Shame­ful si­lence

Kyiv Post - - Opinion -

It is com­monly ar­gued that Rus­sia’s war against Ukraine is a war fought “by politi­cians” and there­fore shouldn’t con­cern reg­u­lar Ukraini­ans and Rus­sians. In re­al­ity, it’s the other way around.

While reg­u­lar Ukraini­ans are killed in the trenches in the Don­bas, Ukrainian lead­ers are sur­pris­ingly un­con­cerned about main­tain­ing close links to Rus­sia, it seems.

The most fa­mous case has been, of course, Pres­i­dent Petro Poroshenko’s con­fec­tionery fac­tory in Rus­sia’s city of Lipetsk. The fac­tory had worked — and pre­sum­ably paid taxes to Rus­sia’s bud­get — for three years of Rus­sia’s war against Ukraine, fi­nally stop­ping in 2017.

Speak­ing at an in­vest­ment fo­rum in Kharkiv on Sept. 29, Poroshenko said proudly he didn’t have busi­ness in Rus­sia. “I used to do busi­ness in Rus­sia, but war changed ev­ery­thing,” he said. It took three years for the war to “change ev­ery­thing” for Poroshenko. And for some in Ukraine, the war hasn't changed any­thing at all. The rel­a­tives of Ser­hiy Se­mochko, the first deputy head of the For­eign In­tel­li­gence Ser­vice of Ukraine, fre­quently visit Rus­sia-oc­cu­pied Crimea, ac­cord­ing to a re­port by jour­nal­ists from Ukrainian in­ves­tiga­tive project Bi­hus.info. They found that mem­bers of Se­mochko’s close fam­ily also hold Rus­sian pass­ports and own busi­nesses ei­ther in Crimea or Rus­sia. Se­mochko told re­porters he wouldn't com­ment on his pri­vate life. More­over, in the three days since the re­port came out on Oct. 1, not one top Ukrainian gov­ern­ment or law en­force­ment of­fi­cial has com­mented on the dis­cov­ery ei­ther.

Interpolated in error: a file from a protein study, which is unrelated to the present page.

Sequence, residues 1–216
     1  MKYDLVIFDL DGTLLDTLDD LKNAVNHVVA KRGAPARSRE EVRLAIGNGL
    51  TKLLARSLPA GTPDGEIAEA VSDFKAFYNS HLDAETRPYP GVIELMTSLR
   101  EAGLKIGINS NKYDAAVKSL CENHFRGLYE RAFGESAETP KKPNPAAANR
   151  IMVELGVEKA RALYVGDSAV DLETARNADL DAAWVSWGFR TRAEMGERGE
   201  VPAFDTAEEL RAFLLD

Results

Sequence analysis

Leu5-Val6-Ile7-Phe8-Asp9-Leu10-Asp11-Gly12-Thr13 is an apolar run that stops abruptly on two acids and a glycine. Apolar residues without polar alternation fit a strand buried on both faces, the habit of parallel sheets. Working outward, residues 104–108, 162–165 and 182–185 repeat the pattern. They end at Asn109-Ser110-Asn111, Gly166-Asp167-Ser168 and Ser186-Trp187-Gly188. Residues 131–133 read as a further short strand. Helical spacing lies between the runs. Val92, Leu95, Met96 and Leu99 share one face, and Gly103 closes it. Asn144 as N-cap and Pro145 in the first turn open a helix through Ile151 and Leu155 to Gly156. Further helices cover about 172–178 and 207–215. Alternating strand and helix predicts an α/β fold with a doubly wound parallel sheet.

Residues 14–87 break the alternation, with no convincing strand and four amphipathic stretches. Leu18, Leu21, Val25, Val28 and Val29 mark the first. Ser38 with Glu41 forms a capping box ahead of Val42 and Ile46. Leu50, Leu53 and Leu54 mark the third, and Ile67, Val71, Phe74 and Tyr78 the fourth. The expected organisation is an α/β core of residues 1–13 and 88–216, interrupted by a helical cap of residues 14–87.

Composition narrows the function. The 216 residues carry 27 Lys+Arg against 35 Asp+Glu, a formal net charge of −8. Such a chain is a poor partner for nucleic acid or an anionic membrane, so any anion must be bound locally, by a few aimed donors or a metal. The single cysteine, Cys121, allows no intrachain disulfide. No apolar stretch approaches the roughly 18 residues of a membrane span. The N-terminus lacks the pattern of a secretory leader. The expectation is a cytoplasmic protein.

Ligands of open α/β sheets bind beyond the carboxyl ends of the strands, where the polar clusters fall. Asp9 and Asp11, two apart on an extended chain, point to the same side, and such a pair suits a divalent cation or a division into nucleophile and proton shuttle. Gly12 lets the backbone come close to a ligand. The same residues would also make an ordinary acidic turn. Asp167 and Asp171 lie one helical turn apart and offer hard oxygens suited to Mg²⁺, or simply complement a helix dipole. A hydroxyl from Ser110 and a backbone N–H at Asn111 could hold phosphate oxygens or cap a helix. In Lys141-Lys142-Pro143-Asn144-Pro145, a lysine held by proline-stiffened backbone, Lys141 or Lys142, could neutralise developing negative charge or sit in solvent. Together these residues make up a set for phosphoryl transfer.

Poroshenko, who ap­pointed Se­mochko in July, kept si­lence, and In­te­rior Min­is­ter Arsen Avakov was busy tweet­ing about the death of French singer Charles Az­navour on the day the re­port was pub­lished.

The only re­ac­tion came from the Na­tional Anti-Cor­rup­tion Bureau of Ukraine, whose in­ves­ti­ga­tors opened a probe into Se­mochko.

This shame­ful si­lence was rem­i­nis­cent of the sim­i­lar lack of re­ac­tion to the dozens of at­tacks on ac­tivists in var­i­ous parts of Ukraine, some of them deadly, that have taken place since 2017.

The at­tacks con­tin­ued for months with­out any re­ac­tion from the coun­try’s lead­er­ship. Only when ac­tivists sched­uled a protest near the Poroshenko ad­min­is­tra­tion in late Septem­ber did the pres­i­dent make a writ­ten state­ment about the at­tacks. He “shared the ac­tivists’ con­cerns” and asked the po­lice to in­ves­ti­gate the at­tacks, but that was all.

Iron­i­cally, it comes as Poroshenko is start­ing a re-elec­tion cam­paign that cen­ters on the idea of him as Ukraine’s sav­ior against Rus­sia.

With in­tel­li­gence like this, Ukraine may in­deed need sav­ing.

Newspapers in English

Newspapers from Ukraine

© PressReader. All rights reserved.